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Liturgy & Liturgical Law Forum: Kneeling during the Consecration

by Catherine Frakas 19 Jan 2001

Kneeling during the Consecration QUESTION from A. Basto on February 3, 2002 Dear Mr. Slavek,
Thank you very much for your answer to my recent question regarding the essential formula of transubstantiation.
I would like to know the precise moment when we are expected, and commanded, to kneel and to stand up during the consacration.
As I have told you in previous questions, I live in Rio de Janeiro, Brazil. I am stating that once more because I know that in America you have a particular law according to which you maintain the very beautiful tradition of kneeling during the entire Eucharistic Prayer. But that is not the case here in my country. Catholics are bound by the universal law, according to which we are to kneel only during the consecration.
My personal habbit has always been to kneel down after the end of the epiclesis and before the Institution. That is to say, (Using the Eucharistic Prayer I as an example), I am used to kneel down after the sentence: Let it become for us the body and blood of Jesus Christ, your only Son, our Lord, so that I am already on my knees when the Priest starts to say the words: The day before he suffered....
And I remain kneeling during the consecration.
After the Priest says the words: Do this in memory of me, I remain on my knees, until the Priest has made the elevation of the chalice, and then genuflected. When the Priest is standing up again after the genuflection, he speaks the words: The Mystery of Faith, and then I stand up and say the ICEL portuguese language translation of the words: Mortem tuam annuntiamus, Domine, et tuam resurrectionem confitemur, donec venias.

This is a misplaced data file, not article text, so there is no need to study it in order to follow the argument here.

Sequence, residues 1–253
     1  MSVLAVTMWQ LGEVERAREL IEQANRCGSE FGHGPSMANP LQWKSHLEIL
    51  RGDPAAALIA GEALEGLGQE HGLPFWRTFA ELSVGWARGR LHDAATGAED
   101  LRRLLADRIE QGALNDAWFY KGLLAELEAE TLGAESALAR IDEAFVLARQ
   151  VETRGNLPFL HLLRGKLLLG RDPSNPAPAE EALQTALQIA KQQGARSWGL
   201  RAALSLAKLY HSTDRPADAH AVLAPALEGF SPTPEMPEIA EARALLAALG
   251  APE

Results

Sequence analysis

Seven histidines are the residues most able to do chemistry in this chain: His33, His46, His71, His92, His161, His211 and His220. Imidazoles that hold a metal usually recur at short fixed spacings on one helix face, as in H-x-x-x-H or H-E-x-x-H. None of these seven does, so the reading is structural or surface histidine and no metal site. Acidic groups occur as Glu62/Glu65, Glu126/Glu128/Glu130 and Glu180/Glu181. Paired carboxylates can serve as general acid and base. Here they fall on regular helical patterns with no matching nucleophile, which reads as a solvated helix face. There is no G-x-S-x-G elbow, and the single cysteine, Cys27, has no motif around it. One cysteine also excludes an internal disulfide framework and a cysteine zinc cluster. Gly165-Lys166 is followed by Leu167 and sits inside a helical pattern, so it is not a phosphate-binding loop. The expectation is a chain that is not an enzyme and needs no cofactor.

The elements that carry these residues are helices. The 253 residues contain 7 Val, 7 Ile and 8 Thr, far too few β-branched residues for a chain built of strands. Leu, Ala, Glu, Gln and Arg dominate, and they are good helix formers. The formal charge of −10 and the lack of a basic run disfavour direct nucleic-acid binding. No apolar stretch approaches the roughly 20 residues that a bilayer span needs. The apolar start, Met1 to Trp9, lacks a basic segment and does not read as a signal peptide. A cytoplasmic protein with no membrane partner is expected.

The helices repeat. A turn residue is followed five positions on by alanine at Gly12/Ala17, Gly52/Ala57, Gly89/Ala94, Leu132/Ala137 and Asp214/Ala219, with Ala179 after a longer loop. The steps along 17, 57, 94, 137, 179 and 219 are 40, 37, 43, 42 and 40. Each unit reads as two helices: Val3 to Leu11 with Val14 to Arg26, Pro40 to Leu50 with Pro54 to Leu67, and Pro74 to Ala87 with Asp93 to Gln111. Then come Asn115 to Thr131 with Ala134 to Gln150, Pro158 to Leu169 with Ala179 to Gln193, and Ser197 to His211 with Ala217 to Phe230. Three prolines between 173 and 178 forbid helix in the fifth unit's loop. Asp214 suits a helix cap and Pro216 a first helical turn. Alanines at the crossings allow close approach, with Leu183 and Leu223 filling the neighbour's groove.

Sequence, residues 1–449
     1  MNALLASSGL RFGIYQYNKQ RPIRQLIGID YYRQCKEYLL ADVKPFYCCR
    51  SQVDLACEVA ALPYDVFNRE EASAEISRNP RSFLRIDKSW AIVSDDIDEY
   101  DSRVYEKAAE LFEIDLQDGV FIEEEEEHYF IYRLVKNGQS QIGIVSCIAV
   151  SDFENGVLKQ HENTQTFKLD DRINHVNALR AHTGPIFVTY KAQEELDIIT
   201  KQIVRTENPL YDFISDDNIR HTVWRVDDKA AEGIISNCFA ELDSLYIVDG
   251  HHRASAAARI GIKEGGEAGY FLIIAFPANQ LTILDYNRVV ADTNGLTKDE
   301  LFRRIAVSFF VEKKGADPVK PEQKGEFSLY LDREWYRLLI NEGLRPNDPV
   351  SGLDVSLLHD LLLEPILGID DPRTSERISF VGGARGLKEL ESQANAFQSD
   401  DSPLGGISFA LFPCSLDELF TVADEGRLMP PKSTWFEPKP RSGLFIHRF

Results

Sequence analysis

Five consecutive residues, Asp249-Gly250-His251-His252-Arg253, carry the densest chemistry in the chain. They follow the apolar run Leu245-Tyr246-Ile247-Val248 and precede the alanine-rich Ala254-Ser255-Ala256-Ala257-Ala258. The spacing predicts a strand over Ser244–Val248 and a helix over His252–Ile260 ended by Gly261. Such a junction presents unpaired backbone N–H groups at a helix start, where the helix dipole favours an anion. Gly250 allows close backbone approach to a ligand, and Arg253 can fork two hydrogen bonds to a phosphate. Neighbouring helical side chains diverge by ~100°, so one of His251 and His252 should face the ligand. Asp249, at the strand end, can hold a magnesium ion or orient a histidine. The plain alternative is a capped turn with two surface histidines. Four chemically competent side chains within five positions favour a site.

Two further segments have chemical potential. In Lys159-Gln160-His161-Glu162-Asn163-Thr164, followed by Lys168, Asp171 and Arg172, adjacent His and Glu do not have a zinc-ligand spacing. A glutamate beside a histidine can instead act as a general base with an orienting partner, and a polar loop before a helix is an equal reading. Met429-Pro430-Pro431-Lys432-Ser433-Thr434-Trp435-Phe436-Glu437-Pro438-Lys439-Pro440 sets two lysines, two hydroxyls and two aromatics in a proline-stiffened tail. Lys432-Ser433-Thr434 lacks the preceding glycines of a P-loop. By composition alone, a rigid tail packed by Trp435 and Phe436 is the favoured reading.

Is this the correct way to observe the law regarding kneelig?
Some people kneel at the start of the last sentence of the Epiclesis, which, according to your answer to my question on the formula of transubstantiation, is not part of the actual consecration. Others kneel at the middle of that same sentence, in the very moment when the Priest makes the sign of the cross over the gifts while saying the word body: Let it become for us the bo(+)dy and blood of Jesus Christ, your only Son, our Lord.
The Formula of Institution itself takes less than a minute and a half, so I wouldn't want to be standing in a moment when I should by law be kneeling, but it seems to me that the correct thing to do is to stand during the epiclesis, and kneel at the consacration itself, that is to say, to begin kneeling at the words that immediately surround the formula of Transubstantiation of the bread into the Body of Christ. Which means that the correct time to kneel down is, in my view, right before the words: The day before he suffered..., that narrate the institution of the Eucharist. Am I correct?
Also, I notice that some people do not wait as long as I do to stand up. They stand as soon as the elevation of the chalice is ended, sometimes before the genuflection of the priest.
Given that confusion, I ask you what is the correct way to follow the rubrics in that matter?
Also, is it true that there is no problem in kneeling at the parts of the canon in which we are expected to be sanding up?
ANSWER by Mr. Jacob Slavek on February 9, 2002 Dear Mr. Basto,
Your interpretation of the instruction is correct.
I have never attended Holy Mass outside of the United States, so I asked my friend who studied in Rome last year. He said that in practice, people began kneeling basically whenever they wanted. Some began to kneel at the beginning of the Canon, a little later others knelt, little bit later a few more, until eventually by the consecration everyone was kneeling. He said with laughter this was the Italian way of doing things.
So is there a problem with kneeling too early? I don't know. Strictly if you were to follow the GIRM (kneeling instructions are not included in the rubrics), you would begin right as the priest says The day before he suffered, however, in the past people have been kneeling more than they should and Rome has said officially (in certain cases) that this practice is praiseworthy and to be retained.
If I were to leave the United States and attend Mass, in order to follow the instruction properly, I would kneel at The day before he suffered and get up after the priest's second genuflection. Accordingly, I encourage you to continue what you are doing now.
Mr. Slavek
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